June 9, 2012

Waiting In Line

Filed under: Afghanistan, Disaster Capitalism, Global War On Terror — Russ @ 5:14 am


Under “civilized” conditions people are constantly herded into lines. This is unnatural and unhuman.
Apologists for power hierarchies like corporations and governments claim that waiting in line is the civilized improvement on a mob beating each other with clubs.
But in reality natural human beings know how to organize themselves without lines. Meanwhile it’s domesticated/feral people who allegedly need to be herded with queues and clubs. The club is actually maximized under “civilized” conditions, but it’s the police club. That was the real argument of Hobbes with his Leviathan state, that it’s civilized man who’s a nasty, brutish beast unless kept firmly in line at all times*. He fraudulently called that the “state of nature”, but his argument had nothing to do with natural humanity. The Steven Pinkers whose project is to normalize mass state violence as “peace” and “security” perpetrate the same fraud. (That’s also why Obama was given the nobble pries. The Committee, and liberals in general, want to normalize permanent imperial war and the neoliberal police state, under some rubric of “humanitarianism”, as the new baseline for “peace”.)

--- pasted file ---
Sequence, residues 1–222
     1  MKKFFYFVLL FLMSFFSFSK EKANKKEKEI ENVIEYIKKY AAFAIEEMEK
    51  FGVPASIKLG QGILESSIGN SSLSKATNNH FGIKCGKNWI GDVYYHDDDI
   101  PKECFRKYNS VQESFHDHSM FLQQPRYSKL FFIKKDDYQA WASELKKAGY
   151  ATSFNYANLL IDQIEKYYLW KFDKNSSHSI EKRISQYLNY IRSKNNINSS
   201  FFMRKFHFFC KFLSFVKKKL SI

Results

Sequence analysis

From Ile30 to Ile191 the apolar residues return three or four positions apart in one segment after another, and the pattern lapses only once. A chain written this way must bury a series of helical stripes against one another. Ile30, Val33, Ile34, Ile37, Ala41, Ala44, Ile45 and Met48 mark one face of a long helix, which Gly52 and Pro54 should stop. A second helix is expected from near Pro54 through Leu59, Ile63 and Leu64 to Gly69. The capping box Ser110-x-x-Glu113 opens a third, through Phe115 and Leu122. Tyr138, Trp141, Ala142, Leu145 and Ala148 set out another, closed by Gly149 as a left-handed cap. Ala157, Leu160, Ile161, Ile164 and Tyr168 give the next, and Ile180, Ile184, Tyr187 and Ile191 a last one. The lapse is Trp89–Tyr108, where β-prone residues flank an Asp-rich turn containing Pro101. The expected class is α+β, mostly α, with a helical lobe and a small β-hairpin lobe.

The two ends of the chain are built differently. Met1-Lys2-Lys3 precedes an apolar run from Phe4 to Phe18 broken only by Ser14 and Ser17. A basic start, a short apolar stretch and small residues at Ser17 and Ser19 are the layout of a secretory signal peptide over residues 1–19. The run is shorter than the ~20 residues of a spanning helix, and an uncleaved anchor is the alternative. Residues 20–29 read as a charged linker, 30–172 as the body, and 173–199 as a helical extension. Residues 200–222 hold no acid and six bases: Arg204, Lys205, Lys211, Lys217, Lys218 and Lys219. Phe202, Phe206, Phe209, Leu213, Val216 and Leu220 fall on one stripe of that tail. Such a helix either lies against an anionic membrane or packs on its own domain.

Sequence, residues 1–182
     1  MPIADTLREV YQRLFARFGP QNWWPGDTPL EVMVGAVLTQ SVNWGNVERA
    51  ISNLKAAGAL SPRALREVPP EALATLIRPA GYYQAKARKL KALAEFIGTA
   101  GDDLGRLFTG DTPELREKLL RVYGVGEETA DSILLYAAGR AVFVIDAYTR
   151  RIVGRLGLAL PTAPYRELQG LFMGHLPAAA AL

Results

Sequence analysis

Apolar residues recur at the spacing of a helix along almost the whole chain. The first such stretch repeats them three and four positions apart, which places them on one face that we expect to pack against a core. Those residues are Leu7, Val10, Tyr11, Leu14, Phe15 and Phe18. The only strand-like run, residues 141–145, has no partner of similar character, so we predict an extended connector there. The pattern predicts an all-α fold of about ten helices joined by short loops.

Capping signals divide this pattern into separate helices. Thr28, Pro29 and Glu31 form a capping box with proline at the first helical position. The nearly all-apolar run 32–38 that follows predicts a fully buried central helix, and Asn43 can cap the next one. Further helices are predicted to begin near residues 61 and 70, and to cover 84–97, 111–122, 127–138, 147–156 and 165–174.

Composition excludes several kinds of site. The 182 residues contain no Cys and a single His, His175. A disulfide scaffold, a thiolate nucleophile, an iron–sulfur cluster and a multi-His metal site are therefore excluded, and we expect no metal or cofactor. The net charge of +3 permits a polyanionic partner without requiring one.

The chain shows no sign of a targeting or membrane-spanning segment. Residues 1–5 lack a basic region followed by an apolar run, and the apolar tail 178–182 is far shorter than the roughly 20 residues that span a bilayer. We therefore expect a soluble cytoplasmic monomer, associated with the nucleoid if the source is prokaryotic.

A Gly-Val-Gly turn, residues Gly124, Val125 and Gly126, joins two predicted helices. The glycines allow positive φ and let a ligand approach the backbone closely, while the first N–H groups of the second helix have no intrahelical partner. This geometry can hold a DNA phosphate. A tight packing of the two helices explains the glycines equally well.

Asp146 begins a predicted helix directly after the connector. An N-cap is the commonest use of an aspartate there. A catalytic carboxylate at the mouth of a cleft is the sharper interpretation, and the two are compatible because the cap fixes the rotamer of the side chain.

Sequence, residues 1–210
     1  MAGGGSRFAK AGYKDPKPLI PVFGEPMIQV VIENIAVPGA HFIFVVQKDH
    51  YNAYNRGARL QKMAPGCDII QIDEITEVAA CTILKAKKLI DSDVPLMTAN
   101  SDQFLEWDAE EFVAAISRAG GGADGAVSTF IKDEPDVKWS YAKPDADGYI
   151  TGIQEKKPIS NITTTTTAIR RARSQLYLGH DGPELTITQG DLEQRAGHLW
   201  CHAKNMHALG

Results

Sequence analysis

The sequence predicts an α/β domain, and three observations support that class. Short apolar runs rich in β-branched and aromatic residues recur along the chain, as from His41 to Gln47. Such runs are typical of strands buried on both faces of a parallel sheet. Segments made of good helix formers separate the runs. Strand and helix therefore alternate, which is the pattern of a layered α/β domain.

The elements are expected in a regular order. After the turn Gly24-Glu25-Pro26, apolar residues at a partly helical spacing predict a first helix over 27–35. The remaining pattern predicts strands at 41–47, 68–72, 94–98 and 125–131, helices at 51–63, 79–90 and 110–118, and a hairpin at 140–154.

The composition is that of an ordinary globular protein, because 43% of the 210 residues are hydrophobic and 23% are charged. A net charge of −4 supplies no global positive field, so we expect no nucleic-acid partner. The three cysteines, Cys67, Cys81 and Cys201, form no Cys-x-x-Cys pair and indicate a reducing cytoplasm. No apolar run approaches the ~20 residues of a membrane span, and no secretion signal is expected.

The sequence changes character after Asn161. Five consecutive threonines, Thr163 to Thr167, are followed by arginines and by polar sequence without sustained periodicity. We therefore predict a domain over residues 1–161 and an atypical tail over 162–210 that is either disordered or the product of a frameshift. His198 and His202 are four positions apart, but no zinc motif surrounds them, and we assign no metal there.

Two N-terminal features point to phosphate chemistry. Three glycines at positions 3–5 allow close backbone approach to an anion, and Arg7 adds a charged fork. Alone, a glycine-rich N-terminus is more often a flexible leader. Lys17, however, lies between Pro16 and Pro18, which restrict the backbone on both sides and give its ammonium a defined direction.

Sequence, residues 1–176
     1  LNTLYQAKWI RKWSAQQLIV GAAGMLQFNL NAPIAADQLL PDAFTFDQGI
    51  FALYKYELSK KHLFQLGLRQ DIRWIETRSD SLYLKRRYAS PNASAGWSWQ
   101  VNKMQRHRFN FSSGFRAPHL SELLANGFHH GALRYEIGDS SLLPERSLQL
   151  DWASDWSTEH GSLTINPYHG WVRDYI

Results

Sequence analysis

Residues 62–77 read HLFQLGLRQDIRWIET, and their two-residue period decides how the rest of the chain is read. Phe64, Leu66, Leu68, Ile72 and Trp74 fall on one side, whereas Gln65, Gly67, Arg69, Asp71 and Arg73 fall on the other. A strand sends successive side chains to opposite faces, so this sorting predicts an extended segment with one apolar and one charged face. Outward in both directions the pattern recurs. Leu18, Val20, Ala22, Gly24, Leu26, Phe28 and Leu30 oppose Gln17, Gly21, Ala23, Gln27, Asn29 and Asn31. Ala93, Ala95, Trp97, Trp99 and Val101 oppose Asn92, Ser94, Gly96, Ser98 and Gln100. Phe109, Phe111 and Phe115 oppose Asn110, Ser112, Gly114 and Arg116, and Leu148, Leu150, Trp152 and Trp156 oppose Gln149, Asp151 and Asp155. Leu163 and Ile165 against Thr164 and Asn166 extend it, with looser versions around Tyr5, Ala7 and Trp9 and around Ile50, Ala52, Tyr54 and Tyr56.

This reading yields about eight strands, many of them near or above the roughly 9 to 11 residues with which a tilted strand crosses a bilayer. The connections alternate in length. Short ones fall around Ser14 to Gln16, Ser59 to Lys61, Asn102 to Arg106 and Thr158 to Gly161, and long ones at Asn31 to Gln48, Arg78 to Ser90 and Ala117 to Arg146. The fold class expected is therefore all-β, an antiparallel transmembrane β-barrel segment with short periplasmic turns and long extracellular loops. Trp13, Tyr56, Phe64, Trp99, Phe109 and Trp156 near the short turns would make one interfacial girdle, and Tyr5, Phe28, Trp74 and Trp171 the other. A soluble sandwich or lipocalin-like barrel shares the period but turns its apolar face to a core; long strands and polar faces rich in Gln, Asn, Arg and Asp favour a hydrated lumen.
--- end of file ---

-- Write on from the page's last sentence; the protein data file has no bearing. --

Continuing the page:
*This too is a Big Lie. On the contrary, one of the great testaments to human nature is how, even after centuries of relentless system propaganda, economic assault, and brutalization, most people still naturally cooperate, including under disaster conditions. It’s elites and their hierarchies who, under stress, either panic or, more commonly, behave as opportunistic predators.



  1. The timing of this post coincides with an observation I made last night at the local carnival (yes, I plead guilty to this small excess). Everyone was generally courteous and polite about waiting and taking turns. There was no real enforcement in evidence, and there were some roughish-looking people there, but everyone behaved considerately for the most part.

    Comment by DualPersonality — June 9, 2012 @ 12:52 pm

    • Why feel apologetic about a carnival? That’s practically wholesome. 🙂

      Comment by Russ — June 10, 2012 @ 1:25 am

  2. I take it you’ve never tried to buy a bus ticket in China, then.

    Comment by paper mac — June 9, 2012 @ 1:59 pm